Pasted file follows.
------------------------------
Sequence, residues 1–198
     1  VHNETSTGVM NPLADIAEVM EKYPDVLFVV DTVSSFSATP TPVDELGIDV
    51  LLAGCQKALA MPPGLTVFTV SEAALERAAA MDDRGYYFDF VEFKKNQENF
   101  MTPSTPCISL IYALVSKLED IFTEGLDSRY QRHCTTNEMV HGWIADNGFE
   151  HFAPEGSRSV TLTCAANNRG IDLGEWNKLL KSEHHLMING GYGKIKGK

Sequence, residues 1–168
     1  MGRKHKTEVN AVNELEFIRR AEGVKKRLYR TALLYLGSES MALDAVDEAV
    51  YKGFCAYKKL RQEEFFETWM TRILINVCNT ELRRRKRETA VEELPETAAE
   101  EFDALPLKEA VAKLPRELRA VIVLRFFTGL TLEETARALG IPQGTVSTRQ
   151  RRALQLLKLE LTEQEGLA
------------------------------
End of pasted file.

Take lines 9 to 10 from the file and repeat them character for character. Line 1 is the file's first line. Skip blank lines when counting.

   101  EFDALPLKEA VAKLPRELRA VIVLRFFTGL TLEETARALG IPQGTVSTRQ
   151  RRALQLLKLE LTEQEGLA